The last big rear-wheel-drive American luxury car.
by Jim McCraw
Base Price (MSRP) $39,145
As Tested (MSRP) $43,310
The Lincoln Town Car is the last of its kind. It's big. A powerful V8 engine drives the rear wheels. Handling is surprisingly good. And this enormous luxury cruiser has enough interior room to satisfy even the most long-legged passengers. It boasts a smooth ride, a cabin that's easy to get in to and out of, and a trunk that allows for a plethora of luggage.
Most Town Car buyers will choose from the Signature Series ($41,315) and the Cartier Series ($43,700) models. (There's also an Executive Series sold primarily as a fleet car.)
A 220-horsepower 4.6-liter V8 powers the Town Car. A more powerful 235-horsepower V8 with dual exhaust is standard on the Cartier and is available with the Touring Sedan option package on the Signature.
In addition to the stronger engine, the Signature Touring Sedan package gets larger 235/60SR16 tires on unique 16-inch alloy wheels, a beefed-up torque converter in the transmission, a 3.55:1 rear-axle ratio for quicker acceleration, and revised springs, shock absorbers and stabilizer bars for a sportier ride. With more than 20 special parts designed to improve performance, the Touring Sedan package is well worth its $710 price.
Also available is the Cartier L ($48,510) long-wheelbase version. The body is extended six inches at the factory, providing a more luxurious ride and more legroom in the rear cabin. Wider door openings, heated rear seats, a folding armrest with storage bins, rear audio and climate controls, mood lighting and a cigar-sized ashtray make this a luxurious ride for those with chauffeurs.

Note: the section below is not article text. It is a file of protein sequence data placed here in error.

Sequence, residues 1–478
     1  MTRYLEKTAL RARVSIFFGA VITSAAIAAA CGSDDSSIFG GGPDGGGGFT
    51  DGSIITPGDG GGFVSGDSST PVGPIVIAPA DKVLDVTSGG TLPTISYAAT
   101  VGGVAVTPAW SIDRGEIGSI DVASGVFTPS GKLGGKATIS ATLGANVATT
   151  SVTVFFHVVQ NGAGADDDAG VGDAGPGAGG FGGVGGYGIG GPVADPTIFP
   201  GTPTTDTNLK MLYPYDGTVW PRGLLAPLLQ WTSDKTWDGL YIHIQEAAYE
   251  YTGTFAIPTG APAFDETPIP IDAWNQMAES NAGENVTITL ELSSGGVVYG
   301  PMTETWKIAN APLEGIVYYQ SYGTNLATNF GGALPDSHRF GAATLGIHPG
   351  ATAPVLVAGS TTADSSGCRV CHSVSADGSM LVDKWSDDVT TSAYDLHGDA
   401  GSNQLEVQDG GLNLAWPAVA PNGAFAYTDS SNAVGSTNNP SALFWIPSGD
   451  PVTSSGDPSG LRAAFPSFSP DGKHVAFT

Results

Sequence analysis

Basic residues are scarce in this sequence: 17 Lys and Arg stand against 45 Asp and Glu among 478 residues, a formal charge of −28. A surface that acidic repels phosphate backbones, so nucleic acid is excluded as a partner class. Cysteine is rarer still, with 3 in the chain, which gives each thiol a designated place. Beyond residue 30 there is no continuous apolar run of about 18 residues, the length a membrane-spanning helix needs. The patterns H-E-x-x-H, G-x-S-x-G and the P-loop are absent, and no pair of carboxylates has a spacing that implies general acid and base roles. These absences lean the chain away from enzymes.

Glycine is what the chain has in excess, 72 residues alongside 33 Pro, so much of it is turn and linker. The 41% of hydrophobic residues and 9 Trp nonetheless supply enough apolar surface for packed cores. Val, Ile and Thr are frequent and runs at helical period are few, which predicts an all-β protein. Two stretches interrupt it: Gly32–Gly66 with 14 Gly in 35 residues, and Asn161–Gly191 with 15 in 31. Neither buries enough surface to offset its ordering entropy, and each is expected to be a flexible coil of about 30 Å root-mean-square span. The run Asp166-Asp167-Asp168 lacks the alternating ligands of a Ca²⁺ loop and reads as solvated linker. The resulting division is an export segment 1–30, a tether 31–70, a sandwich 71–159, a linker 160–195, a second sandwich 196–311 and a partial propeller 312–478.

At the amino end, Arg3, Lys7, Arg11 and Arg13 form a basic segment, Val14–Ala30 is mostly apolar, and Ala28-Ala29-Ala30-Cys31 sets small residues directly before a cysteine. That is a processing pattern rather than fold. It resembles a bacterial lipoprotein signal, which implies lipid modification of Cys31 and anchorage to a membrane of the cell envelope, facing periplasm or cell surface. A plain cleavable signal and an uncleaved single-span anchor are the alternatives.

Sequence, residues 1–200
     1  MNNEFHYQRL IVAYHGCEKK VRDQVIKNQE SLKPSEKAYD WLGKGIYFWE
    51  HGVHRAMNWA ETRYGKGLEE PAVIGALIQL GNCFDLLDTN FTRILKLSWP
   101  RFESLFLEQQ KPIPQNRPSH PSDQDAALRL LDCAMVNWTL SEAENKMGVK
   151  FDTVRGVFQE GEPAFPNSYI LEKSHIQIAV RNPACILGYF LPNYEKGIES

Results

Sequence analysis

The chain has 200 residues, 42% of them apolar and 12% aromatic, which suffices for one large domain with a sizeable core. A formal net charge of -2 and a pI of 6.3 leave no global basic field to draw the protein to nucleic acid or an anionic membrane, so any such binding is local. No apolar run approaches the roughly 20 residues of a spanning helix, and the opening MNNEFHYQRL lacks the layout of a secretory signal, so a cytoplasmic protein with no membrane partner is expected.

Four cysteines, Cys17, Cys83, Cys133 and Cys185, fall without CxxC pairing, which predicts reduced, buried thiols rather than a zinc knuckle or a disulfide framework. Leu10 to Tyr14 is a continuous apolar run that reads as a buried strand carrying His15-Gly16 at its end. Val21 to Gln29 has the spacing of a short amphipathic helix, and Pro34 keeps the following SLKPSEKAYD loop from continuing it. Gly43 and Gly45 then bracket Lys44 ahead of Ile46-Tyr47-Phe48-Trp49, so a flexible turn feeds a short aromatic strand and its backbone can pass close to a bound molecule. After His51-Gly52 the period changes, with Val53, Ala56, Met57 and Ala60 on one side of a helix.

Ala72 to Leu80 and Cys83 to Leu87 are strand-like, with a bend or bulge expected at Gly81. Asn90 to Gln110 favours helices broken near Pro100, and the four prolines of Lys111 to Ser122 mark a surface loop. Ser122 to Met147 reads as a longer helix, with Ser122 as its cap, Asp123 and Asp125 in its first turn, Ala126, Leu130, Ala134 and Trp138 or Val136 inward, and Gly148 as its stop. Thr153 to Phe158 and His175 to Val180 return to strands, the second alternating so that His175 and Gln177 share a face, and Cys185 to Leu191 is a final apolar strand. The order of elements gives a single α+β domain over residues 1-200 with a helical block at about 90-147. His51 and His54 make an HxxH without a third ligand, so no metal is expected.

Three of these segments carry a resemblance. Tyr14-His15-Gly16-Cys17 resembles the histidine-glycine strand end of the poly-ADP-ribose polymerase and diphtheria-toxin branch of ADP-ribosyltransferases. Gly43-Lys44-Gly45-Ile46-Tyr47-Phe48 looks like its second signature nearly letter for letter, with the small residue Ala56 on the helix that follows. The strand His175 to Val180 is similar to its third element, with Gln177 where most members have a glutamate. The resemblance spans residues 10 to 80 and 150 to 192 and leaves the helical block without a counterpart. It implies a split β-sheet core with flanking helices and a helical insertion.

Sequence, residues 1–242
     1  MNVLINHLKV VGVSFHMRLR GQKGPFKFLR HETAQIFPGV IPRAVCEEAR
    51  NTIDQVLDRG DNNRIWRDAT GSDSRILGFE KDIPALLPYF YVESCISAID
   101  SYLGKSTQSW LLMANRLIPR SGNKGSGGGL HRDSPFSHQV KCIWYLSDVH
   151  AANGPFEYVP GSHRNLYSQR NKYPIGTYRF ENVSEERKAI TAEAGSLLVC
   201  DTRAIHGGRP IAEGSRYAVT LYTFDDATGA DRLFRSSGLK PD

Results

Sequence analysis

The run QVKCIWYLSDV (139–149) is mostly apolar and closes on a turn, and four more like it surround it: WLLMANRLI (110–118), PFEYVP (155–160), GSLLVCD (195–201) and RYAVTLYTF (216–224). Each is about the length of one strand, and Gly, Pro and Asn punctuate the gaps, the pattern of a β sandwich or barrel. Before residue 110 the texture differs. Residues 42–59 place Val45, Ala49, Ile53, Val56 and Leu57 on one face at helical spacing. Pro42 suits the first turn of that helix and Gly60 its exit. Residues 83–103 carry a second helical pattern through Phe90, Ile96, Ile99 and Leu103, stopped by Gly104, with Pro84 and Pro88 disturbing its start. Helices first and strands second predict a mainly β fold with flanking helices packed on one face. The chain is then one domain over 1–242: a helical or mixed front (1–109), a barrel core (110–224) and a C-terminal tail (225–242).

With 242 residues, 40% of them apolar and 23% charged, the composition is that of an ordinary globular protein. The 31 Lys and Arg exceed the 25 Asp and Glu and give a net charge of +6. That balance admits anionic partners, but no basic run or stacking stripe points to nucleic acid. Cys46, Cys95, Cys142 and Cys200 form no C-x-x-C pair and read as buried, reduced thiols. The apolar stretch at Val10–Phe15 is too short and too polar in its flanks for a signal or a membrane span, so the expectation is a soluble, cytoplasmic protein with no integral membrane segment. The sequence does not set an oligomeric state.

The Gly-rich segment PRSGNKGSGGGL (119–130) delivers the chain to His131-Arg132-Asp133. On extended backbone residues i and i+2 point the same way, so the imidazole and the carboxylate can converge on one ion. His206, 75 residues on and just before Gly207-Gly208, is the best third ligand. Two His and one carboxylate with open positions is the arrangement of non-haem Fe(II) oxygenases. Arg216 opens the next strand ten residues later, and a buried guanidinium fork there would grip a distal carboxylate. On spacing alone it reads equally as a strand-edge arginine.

The Town Car upholds the time-honored American luxury car formula of rear-wheel drive, a V8 engine, smooth ride, seating for six, a huge trunk, and lots of luxury amenities. The current design sports complex reflector headlamps and a pursed-lips grille, as well a chrome license plate surround and big corner-mounted tail lamps.
Our test car was a Signature Series with the Touring Sedan package. In addition to the potent performance tweaks, this version gets perforated leather seats, and a special black birds-eye woodgrain finish on the instrument panel and doors.
Getting in to and out of the Town Car is easy, and the front and rear passenger compartments are spacious. Big, comfortable leather-covered front bucket seats have power-adjustable lumbar support and two-position memory. Their side bolsters feature a side-impact airbag system.
Power-adjustable accelerator and brake pedals (standard) help drivers of all sizes get comfortable behind the wheel.
Lincoln's flagship, the Town Car interior has nearly every conceivable luxury feature. In addition to the normal fuel and temperature gauges, the speedometer is flanked by two small displays, one a message center, the other a compass. The system displays a digital speedometer.
The optional Alpine stereo has large controls that are easy to use. The steering wheel contains buttons for cruise control and the sound system. All minor controls are spread out across the huge dashboard, making them easy to reach and understand.
You may hear limousine drivers grouse that the trunk isn't as big as it was on the old Town Car. But this Town Car is capable of handling all but the most demanding duty, such as shuttling four people who don't believe in traveling light to the airport. Despite its vastness, lifting luggage into the trunk takes some effort due to the height of the trunk opening.